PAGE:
In the sleepy Spanish town of Granada, a mild-mannered tailor and secret cannibal unexpectedly finds himself falling in love with his latest prospective victim, in director Manuel Martín Cuenca’s disturbing yet intoxicating tale of bizarre romance.
Manuel Martín Cuenca
Carlos (Antonio de la Torre) works as a tailor in Granada, one of Spain's sleepy southern cities where time seems to have stopped — and where things that lurk in the shadows can remain unnoticed. Carlos lives alone and rarely interacts with anyone beyond his clients. No one would imagine that this shy and respectable tradesman is actually a murderer and a cannibal, remorselessly targeting Eastern European women who have no papers and filling his freezer with their flesh. Then the truly unexpected occurs: Nina (Olimpia Melinte), the Romanian twin sister of one of his victims, appears at his front door, and love slowly creeps in.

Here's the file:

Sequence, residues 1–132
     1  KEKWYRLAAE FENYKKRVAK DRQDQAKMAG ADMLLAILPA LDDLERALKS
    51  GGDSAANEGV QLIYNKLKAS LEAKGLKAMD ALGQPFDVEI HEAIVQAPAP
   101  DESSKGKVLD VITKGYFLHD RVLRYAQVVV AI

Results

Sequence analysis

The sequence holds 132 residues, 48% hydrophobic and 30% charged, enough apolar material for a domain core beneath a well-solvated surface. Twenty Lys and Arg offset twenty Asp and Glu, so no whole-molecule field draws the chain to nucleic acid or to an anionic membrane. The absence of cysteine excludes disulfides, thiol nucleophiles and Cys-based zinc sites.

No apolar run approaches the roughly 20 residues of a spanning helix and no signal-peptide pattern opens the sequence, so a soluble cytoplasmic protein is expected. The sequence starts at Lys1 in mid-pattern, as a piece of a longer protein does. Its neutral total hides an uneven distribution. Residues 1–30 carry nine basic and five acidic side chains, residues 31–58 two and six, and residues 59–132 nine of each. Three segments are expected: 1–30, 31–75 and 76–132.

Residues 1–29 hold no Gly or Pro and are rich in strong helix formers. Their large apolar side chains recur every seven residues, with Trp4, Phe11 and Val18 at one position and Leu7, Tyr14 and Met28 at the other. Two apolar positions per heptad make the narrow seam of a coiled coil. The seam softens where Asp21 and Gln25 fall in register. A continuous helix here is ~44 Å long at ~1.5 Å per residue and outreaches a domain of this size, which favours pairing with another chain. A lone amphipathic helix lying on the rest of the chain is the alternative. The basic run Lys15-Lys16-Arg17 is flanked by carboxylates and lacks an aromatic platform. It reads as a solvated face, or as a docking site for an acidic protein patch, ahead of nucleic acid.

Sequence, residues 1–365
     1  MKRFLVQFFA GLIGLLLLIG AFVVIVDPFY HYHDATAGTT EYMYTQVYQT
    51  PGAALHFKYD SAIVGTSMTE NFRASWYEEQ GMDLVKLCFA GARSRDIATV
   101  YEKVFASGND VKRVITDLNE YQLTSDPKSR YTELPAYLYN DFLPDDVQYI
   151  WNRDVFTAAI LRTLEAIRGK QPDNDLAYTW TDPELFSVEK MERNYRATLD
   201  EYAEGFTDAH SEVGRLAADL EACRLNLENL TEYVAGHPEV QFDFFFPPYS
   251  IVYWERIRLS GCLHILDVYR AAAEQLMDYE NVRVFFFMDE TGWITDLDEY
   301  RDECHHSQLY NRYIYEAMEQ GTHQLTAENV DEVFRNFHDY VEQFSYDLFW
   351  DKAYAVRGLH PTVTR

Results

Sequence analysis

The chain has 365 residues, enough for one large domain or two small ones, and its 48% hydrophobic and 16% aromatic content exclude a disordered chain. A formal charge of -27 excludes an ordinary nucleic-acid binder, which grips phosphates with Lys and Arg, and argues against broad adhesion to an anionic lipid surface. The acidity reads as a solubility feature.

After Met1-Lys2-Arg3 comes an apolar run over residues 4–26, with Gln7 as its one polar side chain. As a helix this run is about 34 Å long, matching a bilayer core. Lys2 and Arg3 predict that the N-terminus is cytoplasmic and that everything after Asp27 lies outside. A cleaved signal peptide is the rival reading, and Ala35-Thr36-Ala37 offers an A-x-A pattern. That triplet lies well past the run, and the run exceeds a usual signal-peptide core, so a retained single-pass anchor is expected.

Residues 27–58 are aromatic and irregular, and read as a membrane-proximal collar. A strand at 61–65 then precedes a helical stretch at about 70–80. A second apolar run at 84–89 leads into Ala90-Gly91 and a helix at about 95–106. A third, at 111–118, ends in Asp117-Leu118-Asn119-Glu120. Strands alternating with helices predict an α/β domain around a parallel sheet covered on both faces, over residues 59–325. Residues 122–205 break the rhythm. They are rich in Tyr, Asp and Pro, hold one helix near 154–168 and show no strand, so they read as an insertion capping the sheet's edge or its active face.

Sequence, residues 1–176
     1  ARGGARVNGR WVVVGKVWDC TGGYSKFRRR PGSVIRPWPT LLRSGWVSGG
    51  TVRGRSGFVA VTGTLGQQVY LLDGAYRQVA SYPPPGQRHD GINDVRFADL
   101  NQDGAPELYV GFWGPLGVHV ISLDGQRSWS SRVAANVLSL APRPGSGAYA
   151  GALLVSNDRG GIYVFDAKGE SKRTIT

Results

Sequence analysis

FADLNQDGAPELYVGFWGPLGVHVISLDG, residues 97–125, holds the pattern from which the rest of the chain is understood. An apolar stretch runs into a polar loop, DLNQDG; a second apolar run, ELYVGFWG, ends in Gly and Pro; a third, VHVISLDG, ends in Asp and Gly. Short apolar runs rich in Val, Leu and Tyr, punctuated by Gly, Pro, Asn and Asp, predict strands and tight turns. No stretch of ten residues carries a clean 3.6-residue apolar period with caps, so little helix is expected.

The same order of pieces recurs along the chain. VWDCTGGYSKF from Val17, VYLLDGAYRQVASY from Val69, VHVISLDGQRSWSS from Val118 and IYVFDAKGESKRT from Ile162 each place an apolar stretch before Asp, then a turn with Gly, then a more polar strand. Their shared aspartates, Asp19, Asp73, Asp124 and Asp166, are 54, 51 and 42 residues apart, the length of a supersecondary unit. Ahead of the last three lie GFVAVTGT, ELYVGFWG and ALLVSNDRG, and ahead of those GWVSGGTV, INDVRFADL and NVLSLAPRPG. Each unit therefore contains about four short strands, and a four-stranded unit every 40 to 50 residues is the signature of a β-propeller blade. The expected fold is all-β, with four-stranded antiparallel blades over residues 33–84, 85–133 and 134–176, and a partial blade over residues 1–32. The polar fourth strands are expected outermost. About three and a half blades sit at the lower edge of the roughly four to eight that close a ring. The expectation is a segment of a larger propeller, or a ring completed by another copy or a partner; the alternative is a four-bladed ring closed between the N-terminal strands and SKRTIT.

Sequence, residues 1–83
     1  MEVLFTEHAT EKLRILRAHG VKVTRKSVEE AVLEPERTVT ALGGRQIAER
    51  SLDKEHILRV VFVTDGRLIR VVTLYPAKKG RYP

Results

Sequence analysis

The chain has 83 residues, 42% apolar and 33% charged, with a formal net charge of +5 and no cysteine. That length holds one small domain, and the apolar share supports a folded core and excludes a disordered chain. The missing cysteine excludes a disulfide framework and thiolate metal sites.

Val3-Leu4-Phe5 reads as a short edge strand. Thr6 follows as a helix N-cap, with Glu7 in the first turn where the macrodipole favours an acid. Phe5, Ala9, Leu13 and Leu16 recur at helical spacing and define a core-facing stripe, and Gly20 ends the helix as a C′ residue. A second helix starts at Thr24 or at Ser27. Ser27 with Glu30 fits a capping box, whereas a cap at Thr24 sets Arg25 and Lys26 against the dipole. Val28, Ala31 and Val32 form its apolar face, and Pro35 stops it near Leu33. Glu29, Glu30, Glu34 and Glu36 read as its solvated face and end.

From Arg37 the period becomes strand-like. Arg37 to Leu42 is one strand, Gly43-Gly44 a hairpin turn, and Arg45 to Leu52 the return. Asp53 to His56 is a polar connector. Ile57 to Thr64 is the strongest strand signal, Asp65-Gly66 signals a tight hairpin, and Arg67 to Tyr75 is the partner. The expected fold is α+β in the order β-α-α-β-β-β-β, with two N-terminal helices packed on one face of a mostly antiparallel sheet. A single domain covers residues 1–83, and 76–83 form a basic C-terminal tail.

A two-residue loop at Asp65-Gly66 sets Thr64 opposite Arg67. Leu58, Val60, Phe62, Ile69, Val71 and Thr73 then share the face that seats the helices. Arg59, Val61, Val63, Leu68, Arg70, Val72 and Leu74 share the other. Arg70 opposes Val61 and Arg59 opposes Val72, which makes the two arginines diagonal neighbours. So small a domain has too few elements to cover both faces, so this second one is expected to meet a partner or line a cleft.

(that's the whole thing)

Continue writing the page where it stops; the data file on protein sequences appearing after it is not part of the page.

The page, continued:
Expertly shot and fluidly conveyed by director Manuel Martín Cuenca, Caníbal is steeped in the traditional values and religious overtones that define Spain's southern region, its story beginning just as Easter festivities approach. As in his previous feature, Half of Oscar, which screened at the Festival in 2010, landscape and geography play an integral role in Martín Cuenca's vision, giving opportunity to ponder the changing nature of Spanish society as interaction with the rest of Europe intensifies. As Carlos and Nina walk along the windy mountain paths of Granada's Sierra Nevada, Caníbal keeps us on edge, unsure if Carlos will lash out at this beauty.
Borrowing many elements from film
noir, this disturbingly intoxicating film,
made richer by de la Torre's complex and
magnetic central performance, will have
audiences enthralled. Caníbal interrogates
one of society's greatest taboos through
a romance that questions the nature of
love and the outer limits of forgiveness —
contemplating all the while the old adage
that love conquers all.